...a 10 percent decrease in TSPs in the year of birth is associated with a 1 percent increase in annual earnings at age 30.
The 1970 Clean Air Act Amendments (CAAA) in the United States limited the maximum allowable concentration of airborne total suspended particulates (TSP). As a result, the Environmental Protection Agency designated counties, or more specifically, air regions, as having "nonattainment" status under the new regulations if the monitored TSP concentrations exceeded the limit of 75 micrograms per cubic meter (µg/m3). Counties for which TSP levels were below the threshold were designated as "attainment" counties. Comparisons between attainment and nonattainment counties in the years after implementation of the regulation show a reduction in nonattainment counties' ambient TSP levels of about 10 percent.
In Every Breath You Take - Every Dollar You'll Make: The Long-Term Consequences of the Clean Air Act of 1970 (NBER Working Paper No. 19858), Adam Isen, Maya Rossin-Slater, and W. Reed Walker exploit this regulatory variation in TSP levels over time and across counties to examine whether differences in exposure to TSPs at birth are correlated with long-run human capital measures at age 30. The authors link county of birth to administrative earnings records for residents of 24 states and conclude that a 10 percent decrease in TSPs in the year of birth is associated with a 1 percent increase in annual earnings at age 30. This translates to about $260 per year in 2008 dollars. Most of the difference in earnings capacity results from differences in the number of quarters worked rather than from differences in full-time wages. In 1972, there were about 1.5 million births in nonattainment counties, implying a cumulative earnings increase of about $6.5 billion annually per cohort. Assuming these effects are persistent over the lifetime earnings profile, the authors calculate that improved early-life air quality is correlated with total lifetime earnings gains of $4,300 per individual.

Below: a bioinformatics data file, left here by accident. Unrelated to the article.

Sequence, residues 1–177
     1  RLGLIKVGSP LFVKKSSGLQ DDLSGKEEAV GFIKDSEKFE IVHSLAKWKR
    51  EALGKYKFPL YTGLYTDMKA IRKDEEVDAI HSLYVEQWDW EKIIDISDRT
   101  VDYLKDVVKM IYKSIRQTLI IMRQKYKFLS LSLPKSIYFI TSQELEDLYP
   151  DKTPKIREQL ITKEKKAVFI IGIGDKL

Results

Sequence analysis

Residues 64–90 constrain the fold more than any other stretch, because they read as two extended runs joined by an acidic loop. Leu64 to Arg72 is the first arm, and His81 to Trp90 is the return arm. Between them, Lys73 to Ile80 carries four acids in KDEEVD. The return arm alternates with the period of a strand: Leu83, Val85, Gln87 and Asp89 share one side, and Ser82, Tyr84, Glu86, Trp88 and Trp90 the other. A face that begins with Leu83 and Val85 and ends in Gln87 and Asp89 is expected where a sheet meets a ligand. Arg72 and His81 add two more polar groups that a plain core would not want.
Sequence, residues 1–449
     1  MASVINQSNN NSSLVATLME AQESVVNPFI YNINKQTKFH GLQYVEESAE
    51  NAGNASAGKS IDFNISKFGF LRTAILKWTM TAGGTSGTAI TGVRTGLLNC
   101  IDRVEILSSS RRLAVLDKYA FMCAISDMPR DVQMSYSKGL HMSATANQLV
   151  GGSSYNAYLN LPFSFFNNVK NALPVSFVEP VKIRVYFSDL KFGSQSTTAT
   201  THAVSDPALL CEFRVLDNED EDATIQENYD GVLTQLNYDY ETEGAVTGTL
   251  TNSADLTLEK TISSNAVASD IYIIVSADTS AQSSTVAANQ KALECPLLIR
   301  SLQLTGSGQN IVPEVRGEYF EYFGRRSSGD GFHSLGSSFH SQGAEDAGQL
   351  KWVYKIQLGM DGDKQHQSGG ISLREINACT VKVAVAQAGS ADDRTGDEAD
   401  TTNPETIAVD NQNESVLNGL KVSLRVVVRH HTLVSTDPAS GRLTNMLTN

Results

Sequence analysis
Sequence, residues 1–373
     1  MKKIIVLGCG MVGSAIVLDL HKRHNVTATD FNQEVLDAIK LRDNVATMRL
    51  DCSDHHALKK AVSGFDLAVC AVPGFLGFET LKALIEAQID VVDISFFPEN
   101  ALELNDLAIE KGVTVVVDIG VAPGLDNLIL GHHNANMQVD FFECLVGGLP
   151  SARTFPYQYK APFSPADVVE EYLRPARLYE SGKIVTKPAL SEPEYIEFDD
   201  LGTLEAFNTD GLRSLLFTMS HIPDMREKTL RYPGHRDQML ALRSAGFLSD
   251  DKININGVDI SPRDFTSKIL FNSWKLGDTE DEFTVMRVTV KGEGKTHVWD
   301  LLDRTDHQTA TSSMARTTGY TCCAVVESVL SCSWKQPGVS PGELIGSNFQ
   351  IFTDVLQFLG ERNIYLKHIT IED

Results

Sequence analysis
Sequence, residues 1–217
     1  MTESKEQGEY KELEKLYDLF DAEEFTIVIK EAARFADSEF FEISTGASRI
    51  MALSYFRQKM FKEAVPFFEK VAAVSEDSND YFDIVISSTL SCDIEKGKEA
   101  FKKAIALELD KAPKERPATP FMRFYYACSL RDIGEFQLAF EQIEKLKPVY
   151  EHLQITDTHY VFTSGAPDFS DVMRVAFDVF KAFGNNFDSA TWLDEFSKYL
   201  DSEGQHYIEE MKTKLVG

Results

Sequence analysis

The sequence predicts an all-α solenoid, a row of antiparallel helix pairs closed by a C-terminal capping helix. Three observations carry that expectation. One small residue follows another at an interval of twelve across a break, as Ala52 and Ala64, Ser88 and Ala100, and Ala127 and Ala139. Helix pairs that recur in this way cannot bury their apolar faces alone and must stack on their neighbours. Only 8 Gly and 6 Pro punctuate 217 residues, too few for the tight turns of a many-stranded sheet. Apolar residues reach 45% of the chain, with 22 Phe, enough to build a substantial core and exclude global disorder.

The authors use administrative earnings records from the Census Bureau's Longitudinal Employer-Household Dynamics file to link city and state of birth with later life earnings measures. The authors combine the administrative records with data from the Bureau of Economic Analysis's Regional Economic Information System and the National Center for Health Statistics to control for observable, time-varying determinants of later life outcomes that may be correlated with pollution in the year of birth. They find no evidence that family and child characteristics are differentially changing across counties in a manner correlated with the policy implementation.
-- Linda Gorman